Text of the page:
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Exploring Feature Reliability On Multiple CT Image Acquisition Parameters for Abdominal Radiomic Studies - a Pilot Phantom Experiment

L Lu , Y Liang*, B Zhao , Columbia University Medical Center, New York, NY


(Sunday, 7/29/2018) 2:05 PM - 3:00 PM

Room: Davidson Ballroom B

Purpose: To study radiomic features’ reliability on abdominal CT images reconstructed with a wide-range of image acquisition parameters.

Methods: The ACR CT phantom was scanned on a GE Discovery 750HD scanner using an adult abdomen protocol. Twenty-four different acquisition settings, combinations of four tube currents (25, 50, 100, 200 eff.mAs), three slice thicknesses (1.25, 2.5, 5 mm), and two reconstruction kernels (STANDARD and SOFT), were used. CT Images of two materials in the ACR phantom module 1 (Polyethylene (-95 HU) and acrylic (120 HU)) were selected to generate ROIs for feature calculations. We programmed a noise-free, computer-generated phantom image that reproduced these objects and the background contained in the ACR phantom. Feature values calculated from the computer-generated phantom image were used as reference values. Feature reliability was defined as the difference between calculated value from CT scan image and the reference value. Eight widely-used radiomic features, mean, standard deviation, skewness, kurtosis, GLCM(Gray Level Co-Occurrence Matrices)-energy, GLCM-contrast, GLCM-correlation, GLCM-homogeneity, were calculated. Linear regression model was employed to fit the calculated values from CT images and the referenced feature values. The feature reliability was quantified by the fitness (R-Square) and R-Square ≥ 0.85 was defined as high reliability.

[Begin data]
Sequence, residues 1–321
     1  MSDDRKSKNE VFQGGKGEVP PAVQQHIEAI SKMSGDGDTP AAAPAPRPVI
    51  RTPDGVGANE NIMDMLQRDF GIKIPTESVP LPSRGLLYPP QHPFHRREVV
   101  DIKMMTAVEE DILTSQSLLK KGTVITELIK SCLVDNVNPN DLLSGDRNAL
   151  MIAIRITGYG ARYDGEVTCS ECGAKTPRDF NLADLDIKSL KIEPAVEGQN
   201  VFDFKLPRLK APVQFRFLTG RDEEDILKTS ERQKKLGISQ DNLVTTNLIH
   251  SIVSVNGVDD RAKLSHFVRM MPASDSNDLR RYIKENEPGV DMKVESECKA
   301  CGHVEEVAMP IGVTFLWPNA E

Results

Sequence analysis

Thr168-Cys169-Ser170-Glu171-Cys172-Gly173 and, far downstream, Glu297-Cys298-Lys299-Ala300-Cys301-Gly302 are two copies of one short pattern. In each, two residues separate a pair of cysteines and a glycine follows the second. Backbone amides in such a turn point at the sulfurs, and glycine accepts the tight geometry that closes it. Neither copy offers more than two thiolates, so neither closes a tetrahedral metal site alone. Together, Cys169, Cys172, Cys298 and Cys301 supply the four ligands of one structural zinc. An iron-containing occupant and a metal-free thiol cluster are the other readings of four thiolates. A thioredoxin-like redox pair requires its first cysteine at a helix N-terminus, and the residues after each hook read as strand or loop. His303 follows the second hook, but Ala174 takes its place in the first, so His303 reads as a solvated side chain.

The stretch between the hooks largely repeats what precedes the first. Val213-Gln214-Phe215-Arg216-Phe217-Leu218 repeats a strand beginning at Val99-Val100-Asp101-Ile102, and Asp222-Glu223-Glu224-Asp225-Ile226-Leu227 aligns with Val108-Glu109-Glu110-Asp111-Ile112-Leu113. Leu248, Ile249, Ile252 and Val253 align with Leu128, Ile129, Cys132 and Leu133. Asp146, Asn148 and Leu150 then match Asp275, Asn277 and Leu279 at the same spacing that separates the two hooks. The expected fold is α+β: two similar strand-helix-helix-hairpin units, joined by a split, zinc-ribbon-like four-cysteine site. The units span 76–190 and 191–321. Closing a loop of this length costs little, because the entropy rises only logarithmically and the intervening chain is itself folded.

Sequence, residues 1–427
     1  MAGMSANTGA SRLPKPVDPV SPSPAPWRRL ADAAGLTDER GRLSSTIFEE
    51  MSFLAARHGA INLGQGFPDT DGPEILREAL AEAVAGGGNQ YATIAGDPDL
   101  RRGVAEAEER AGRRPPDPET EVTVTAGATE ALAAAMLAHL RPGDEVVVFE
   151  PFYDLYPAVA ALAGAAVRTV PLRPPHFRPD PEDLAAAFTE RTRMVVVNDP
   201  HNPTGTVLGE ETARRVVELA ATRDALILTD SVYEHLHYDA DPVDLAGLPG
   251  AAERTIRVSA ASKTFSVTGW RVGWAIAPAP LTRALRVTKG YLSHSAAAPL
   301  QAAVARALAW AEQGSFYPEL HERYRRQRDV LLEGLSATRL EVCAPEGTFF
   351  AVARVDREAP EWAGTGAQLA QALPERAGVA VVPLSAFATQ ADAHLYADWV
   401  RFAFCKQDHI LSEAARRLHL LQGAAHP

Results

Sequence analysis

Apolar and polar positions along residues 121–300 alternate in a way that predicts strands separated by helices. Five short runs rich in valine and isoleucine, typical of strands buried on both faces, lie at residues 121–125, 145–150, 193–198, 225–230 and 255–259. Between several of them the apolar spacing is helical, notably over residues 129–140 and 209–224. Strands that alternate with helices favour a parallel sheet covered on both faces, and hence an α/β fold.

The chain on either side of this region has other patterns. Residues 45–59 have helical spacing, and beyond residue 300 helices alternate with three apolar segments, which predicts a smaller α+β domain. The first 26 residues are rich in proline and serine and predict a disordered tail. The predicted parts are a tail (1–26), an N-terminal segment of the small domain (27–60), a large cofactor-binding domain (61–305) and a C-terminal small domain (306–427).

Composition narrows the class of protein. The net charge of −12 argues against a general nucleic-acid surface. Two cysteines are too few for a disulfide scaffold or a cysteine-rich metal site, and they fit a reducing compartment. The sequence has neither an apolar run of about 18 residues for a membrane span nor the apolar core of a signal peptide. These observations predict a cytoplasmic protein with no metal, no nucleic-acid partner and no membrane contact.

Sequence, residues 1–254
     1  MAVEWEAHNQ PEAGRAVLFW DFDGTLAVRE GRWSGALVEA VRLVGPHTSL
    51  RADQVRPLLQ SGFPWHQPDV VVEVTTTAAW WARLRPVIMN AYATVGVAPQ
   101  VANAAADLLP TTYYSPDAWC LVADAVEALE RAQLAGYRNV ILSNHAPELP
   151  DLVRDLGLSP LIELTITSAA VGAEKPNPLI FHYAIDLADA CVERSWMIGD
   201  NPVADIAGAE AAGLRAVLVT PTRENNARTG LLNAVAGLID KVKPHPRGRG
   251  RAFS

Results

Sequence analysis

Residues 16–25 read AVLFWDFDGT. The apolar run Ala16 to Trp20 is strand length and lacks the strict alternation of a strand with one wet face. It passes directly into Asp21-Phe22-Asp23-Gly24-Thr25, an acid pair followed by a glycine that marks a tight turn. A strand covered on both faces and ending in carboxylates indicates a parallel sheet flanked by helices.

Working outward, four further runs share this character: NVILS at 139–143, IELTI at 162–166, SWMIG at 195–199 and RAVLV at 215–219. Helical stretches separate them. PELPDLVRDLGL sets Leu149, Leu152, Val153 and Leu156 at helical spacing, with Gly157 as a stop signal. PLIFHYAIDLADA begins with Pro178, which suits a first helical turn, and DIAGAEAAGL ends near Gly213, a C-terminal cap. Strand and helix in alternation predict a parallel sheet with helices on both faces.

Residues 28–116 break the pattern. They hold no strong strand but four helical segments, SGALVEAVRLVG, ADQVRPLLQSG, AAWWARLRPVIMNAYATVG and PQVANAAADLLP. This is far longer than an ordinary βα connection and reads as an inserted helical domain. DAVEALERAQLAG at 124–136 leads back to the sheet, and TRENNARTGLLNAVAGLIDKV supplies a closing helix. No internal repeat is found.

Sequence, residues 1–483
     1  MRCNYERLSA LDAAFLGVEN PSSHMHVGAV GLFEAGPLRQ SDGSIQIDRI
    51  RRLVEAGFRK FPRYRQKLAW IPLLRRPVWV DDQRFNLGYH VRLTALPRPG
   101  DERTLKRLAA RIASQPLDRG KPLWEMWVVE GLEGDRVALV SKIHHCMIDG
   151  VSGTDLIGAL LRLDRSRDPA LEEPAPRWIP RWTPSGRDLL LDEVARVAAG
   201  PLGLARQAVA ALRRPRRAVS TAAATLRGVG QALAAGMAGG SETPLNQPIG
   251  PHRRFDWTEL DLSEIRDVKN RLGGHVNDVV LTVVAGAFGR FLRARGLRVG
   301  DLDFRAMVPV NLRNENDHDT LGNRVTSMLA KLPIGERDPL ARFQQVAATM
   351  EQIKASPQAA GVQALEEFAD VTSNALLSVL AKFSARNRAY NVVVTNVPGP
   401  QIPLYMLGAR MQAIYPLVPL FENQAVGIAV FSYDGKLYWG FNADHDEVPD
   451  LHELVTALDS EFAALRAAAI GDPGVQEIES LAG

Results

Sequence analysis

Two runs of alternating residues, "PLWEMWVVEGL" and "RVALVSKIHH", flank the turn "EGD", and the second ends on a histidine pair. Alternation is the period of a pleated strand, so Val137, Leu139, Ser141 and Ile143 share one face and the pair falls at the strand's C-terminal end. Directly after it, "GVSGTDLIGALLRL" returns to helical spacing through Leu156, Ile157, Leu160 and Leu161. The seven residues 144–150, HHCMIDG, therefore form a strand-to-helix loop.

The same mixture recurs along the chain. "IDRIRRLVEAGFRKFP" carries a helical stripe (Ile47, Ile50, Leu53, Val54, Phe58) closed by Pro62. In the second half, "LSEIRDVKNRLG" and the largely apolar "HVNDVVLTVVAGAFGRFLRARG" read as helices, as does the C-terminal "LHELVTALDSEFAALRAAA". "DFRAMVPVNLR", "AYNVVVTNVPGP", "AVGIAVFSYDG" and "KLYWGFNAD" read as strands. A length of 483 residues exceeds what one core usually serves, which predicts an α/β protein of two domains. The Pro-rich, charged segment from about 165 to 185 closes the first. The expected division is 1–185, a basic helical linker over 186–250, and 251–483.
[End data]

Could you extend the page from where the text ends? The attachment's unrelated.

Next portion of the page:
Results: The reliability of the features of mean and standard deviation were high across all imaging parameters. At 200 eff.mAs, except GLCM-homogeneity, all features showed high reliability. Whereas at 25 eff.mAs, all features (except mean and standard deviation) had low reliability. In general, from highest to lowest, ranked the reliability of GLCM-energy, correlation, contrast and homogeneity across all imaging parameters.

Conclusion: CT imaging parameters could affect radiomic features differently. Higher reliability was observed for the features extracted from the images reconstructed at larger tube current and thicker slice settings. Standard and Soft reconstruction kernels showed similar results across varying tube currents and slice thicknesses.


Feature Extraction, Quantitative Imaging, CT


IM/TH- Image Analysis (Single modality or Multi-modality): Imaging biomarkers and radiomics

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